In this photo taken Thursday, Jan. 7, 2016, Los Angeles Lakers guard Kobe Bryant waves good bye to the fans after an NBA basketball game against the Sacramento Kings in his last appearance at Sleep Train Arena in Sacramento, Calif. Renamed SleepTrain Arena, the facility has been the home of the Kings since it opened in 1988. The Kings won an NBA-best 61 games in the 2001-02 season behind Chris Webber and Vlade Divac, losing to the eventual champion Lakers in Game 7 of the conference finals. The Kings will play their last game at the aging building, Saturday against the Oklahoma City Thunder and begin play next season at the new Golden One Center built in downtown Sacramento. (AP Photo/Rich Pedroncelli)
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What’s next for Kobe Bryant after his retirement tour?

Apparently a little more focus on his retirement tour.

Kobe announced his retirement just after Thanksgiving via a “Dear Basketball” poem on The Players’ Tribune. Now Bryant and his new “storytelling” production company have teamed up with Sports Illustrated to turn that poem into an animated short film. From the press release:

Time Inc.’s Sports Illustrated Group and NBA legend Kobe Bryant’s new production company, Kobe Studios, along with Believe Entertainment Group, announced an exclusive multi-platform video production and development project devoted to Dear Basketball, Bryant’s poetic tribute to the game. The collaboration includes the world premiere of Dear Basketball the animated short film on SI.com as well as a series of exclusive SI Films mini documentaries taking viewers behind the scenes of the animation process. Dear Basketball is targeted to premiere in the fall on SI.com….

“Dear Basketball is the perfect tribute to something I’ve loved for so long. Glen and John are two legends in their industries, so to partner with them on the creative process is a dream come true,” said Bryant. “Working with Sports Illustrated on this special project is an amazing opportunity to hopefully inspire fans all over the world.”

I have no idea what a poem about basketball turned into an animated short film is going to look like, but it should be interesting. It’s got to be better than that last Sponge Bob movie.

I guess this is a logical first step for Kobe in this kind of production, playing off his brand and into a topic where he should be very comfortable. I’d sit here and be snarky about it, but we all know we’re going to watch it, right?

 

Paul Millsap and Al Horford: Hawks wouldn’t have gunned for 3-point record like Cavaliers did

Cleveland Cavaliers forward LeBron James (23) is fouled by Atlanta Hawks center Al Horford (15) in the second half during Game 2 of a second-round NBA basketball playoff series, Wednesday, May 4, 2016, in Cleveland. (AP Photo/Tony Dejak)
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The Cavaliers are making 3-pointers at a blistering pace.

Cleveland even set a record for any NBA game with 25 3-pointers in its Game 2 win over the Hawks. To get there, the Cavs attempted 11 3s in a fourth quarter they entered up 36.

Did that disrespect Atlanta?

Paul Millsap, via Chris Haynes of Cleveland.com:

“It’s a certain way of being a professional,” the Hawks’ Paul Millsap said to cleveland.com. “I’m not mad about it, but just being professionals man. If that’s how you want to approach it, that’s how you approach it. I think our team and our organization has class and I don’t think we would have continued to do that, but other organizations do other things so what can you do about it?”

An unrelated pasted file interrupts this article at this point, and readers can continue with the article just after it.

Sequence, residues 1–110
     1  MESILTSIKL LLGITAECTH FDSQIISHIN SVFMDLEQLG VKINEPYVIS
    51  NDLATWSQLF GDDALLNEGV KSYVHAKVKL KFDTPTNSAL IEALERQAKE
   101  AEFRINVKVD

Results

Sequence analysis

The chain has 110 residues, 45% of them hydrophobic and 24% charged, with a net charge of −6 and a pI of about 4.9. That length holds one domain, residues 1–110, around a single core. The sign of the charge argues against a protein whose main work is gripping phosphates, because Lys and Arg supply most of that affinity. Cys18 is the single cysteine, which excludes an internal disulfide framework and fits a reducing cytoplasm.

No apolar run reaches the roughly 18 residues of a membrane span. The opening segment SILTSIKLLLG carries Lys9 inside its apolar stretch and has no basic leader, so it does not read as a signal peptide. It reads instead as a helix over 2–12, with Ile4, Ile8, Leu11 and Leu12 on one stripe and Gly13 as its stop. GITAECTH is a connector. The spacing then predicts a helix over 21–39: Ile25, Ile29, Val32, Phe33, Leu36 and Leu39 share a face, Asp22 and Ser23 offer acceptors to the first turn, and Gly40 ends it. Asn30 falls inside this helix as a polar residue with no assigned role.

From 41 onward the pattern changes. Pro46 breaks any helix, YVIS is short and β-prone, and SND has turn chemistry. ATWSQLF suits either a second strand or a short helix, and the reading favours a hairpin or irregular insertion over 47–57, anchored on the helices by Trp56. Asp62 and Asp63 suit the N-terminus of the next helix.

Al Horford, via Haynes:

“We probably wouldn’t do anything like that [if we were in that position],” he told cleveland.com. “…It’s hard to say, but I would say no.”

We can’t know what the Hawks would do, because they’ve never made more than 20 3-pointers in a game. I’d guess they’d hunt the record if it were within their grasp in an uncompetitive game, but that’s just a guess. Millsap and Horford are guessing, too.

What were the Cavs supposed to do? Just take shot-clock violations? Of course not. As long as they have to shoot anyway, there’s no reason not to take 3s. Even if they didn’t have to shoot, it would’ve been fine to take 3s. Atlanta had one solution: Defend the arc better.

If the Hawks want to tell themselves they should be offended in order to motivate themselves for Game 3, good for them. Just don’t confuse that with Cleveland doing anything offensive.

Phil Jackson goes on vacation, reportedly puts Knicks’ coaching search on hold

New York Knicks president Phil Jackson speaks to reporters during a news conference in Greenburgh, N.Y., Monday, Feb. 8, 2016. Derek Fisher was fired as New York Knicks coach Monday, with his team having lost five straight and nine of 10 to fall well back in the Eastern Conference playoff race. (AP Photo/Seth Wenig)
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Phil Jackson has stumped for Kurt Rambis, interviewed David Blatt, talked with Luke Walton and ignored Carmelo Anthony.

It must be exhausting.

So, it appears the Knicks president took off on a tour the American West:

No big deal. Everyone has cell phones. Jackson can still run the coaching search from afar.

Except….

Ian Begley of ESPN:

Jackson is on vacation at the moment. The interesting thing here is that league sources say that some involved in the Knicks’ coaching search have been informed that Phil is away at the moment, meaning the search is on hold.

This matters only if Jackson isn’t just going to hire Rambis anyway. But if the Knicks are interested in exploring candidates other teams – Rockets, Pacers and Kings – might want, Jackson is missing a valuable opportunity.

Reminder: The Knicks are paying him $12 million per year – money that could have lured someone with a record of front-office success or even just the commitment to delay a vacation until after hiring a coach.